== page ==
Social media and mobile technologies are important new tools in healthcare education, both to assist healthcare professionals learn and maintain their craft, and for the education of patients and families. Social media, particularly linked with mobile technologies, are being used to support healthcare professionals in higher education and maintaining professional development in the workplace. They are also becoming important as tools for educating patients and their families in relation to healthcare needs. This special issue sought submissions offering research results and case studies that advance the methodologies aimed at the application of social media or mobile technologies for healthcare education.
Skiba identifies and reviews criteria and instruments that can be used to evaluate mobile apps and social media. She reviews current literature to facilitate healthcare professionals’ assessment of mobile apps and social media tools that may be pertinent to their patient population. The review highlights strategies that a healthcare system can incorporate to provide guidance for recommended mobile apps and social media tools for patients, families, and caregivers.
Procter, Brixley, Todhunter, and Honey consider the opportunities advances in social media offer for developing the understanding of different countries and cultures without needing to travel. Despite nursing’s global presence, students have limited knowledge of the health and social care needs and provision outside their local environment. The paper reports on three countries, New Zealand, the United Kingdom, and the United States of America, and their collaborative efforts to provide senior student nurses with a communication channel to explore public health issues in each country. Using a closed Facebook™ page, third-year undergraduate adult nursing students were invited to take part in a three-month pilot study to test the feasibility of virtual collaboration through exchanging public health issues. The research demonstrated that social media offers students an opportunity to engage meaningfully in global exchanges in a virtual form.
The paper by Mather and Cummings explores nurse supervisors’ use of mobile technology for informal learning and continuing professional development, both for their own professional practice and in their role in modelling digital knowledge transfer, by facilitating the learning and teaching of nursing students in the workplace. It emphasises the necessity of implementing mobile learning at the point of care to enable digital knowledge transfer, augment informal learning for students and patients, and support continuing professional development opportunities for all staff.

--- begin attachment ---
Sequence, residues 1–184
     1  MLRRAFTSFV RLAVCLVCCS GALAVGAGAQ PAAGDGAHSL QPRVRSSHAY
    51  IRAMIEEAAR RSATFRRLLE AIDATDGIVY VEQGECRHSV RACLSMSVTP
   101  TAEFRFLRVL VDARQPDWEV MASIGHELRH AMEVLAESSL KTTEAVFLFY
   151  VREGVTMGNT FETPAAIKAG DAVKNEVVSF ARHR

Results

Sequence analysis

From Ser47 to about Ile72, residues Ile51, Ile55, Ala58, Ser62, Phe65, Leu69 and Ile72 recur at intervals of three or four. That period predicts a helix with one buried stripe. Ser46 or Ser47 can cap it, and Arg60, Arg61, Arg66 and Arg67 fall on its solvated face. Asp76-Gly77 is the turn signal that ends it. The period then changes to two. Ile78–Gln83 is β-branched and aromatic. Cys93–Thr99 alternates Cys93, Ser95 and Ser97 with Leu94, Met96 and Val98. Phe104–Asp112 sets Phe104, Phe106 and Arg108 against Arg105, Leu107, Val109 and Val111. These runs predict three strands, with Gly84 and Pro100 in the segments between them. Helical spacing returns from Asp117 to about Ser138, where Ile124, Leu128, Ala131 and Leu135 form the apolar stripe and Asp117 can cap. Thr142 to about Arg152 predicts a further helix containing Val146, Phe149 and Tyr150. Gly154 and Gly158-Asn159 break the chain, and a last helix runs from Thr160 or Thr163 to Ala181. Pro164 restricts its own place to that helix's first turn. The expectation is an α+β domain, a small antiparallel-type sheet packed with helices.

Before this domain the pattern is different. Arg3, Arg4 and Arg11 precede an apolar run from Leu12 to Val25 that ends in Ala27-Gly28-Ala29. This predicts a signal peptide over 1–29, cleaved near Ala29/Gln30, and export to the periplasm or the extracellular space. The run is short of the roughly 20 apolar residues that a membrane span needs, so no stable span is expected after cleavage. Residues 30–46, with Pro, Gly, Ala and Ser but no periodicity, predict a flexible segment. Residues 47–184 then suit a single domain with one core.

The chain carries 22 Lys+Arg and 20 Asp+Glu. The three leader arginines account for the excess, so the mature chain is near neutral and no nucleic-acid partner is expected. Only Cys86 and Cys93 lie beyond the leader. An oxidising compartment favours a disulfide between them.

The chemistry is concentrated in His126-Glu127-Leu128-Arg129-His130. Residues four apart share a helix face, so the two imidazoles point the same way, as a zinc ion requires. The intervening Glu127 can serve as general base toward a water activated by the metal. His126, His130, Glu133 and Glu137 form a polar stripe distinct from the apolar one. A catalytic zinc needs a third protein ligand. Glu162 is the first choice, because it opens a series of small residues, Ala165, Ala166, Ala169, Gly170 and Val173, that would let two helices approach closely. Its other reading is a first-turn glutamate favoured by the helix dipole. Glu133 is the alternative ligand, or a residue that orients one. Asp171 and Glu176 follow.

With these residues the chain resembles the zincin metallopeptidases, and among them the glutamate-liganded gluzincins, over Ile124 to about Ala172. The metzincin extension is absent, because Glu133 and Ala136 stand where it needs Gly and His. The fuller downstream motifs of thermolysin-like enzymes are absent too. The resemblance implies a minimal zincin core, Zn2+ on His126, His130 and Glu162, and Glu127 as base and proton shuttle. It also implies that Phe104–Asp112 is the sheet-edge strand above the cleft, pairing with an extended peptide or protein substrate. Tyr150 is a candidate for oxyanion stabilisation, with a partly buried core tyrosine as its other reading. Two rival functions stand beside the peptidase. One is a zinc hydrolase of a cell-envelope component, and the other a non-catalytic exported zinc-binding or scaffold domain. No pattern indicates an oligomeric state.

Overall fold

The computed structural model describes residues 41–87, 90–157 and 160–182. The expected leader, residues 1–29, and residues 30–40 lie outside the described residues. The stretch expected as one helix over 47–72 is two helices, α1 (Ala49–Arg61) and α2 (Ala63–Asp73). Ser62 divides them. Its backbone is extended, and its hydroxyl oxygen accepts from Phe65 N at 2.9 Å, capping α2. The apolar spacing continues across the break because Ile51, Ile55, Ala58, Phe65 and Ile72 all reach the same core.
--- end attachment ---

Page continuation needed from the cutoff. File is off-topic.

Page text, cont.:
The imperative for embedding digital professionalism into undergraduate health profession courses and augmenting learning and teaching with mobile technology and social media on and off campus is the focus of the paper by Mather, Douglas, and O’Brien. Their paper explores whether patterns of social media use for personal or informal learning by Australian undergraduate health profession students changed over time. Using a validated online survey administered at two points (2013 and 2016), a comparative analysis of the two cohorts was undertaken, demonstrating an increase in social media acceptance and penetration. The authors argue that this creates opportunities to integrate social media into the health profession education curriculum.
Understanding student nurses’ use of social media in relation to their learning is the focus of the paper by Honey and Raphael. Surveying undergraduate nursing students at a New Zealand university in 2015, they identified that while almost all students use social media outside their studies, less than two thirds of the study sample use social networking sites on a daily basis in relation to their study. The most common digital option used to communicate and work with fellow students was online groups and document sharing sites. These results concur with those of Mather, Douglas, and O’Brien, and further the evidence for educators to incorporate social media into teaching and learning activities, including its safe and ethical use.
Finally, Fan, Radford, and Fabian report the results of the development and implementation of a social media technology supported website—digiMe at the School of Medicine of an Australian university. digiMe provided medical students with the opportunity to connect with other medical learners and health professionals. digiMe demonstrated its potential in raising awareness of web and mobile apps useful for enhancing connectivity, although it needs to be introduced to students in earlier years of their medical education to achieve a higher impact on their learning.
Each of these articles focuses on different aspects of the use of mobile technologies and social media for healthcare education. The papers provide a sample of the ongoing commitment by educators to advance the use of technology within healthcare and in higher education by examining aspects of integration. These studies inform the literature about this rapidly evolving topic. Others can learn from the findings and further progress the use of mobile technologies and social media in healthcare education.